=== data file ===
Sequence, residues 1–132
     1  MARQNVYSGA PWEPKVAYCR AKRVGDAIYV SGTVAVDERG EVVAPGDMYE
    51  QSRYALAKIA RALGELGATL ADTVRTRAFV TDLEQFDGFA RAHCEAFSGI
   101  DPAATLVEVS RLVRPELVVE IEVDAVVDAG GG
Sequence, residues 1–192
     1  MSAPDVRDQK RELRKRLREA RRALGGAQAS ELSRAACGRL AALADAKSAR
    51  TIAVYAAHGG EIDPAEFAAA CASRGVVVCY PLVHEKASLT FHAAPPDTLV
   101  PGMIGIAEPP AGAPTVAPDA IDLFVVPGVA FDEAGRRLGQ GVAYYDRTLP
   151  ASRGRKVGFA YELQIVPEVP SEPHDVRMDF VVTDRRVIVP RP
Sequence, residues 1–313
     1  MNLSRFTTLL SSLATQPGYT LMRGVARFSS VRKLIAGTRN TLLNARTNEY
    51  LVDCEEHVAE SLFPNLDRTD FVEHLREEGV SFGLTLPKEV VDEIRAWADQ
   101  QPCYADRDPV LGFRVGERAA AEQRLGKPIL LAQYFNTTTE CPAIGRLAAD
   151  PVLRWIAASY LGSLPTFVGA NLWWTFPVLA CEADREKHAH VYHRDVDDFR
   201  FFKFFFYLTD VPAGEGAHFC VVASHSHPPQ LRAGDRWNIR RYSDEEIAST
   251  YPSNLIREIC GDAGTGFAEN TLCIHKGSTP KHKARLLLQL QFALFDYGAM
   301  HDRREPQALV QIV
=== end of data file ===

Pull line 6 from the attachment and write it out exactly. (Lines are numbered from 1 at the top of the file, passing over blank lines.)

     1  MSAPDVRDQK RELRKRLREA RRALGGAQAS ELSRAACGRL AALADAKSAR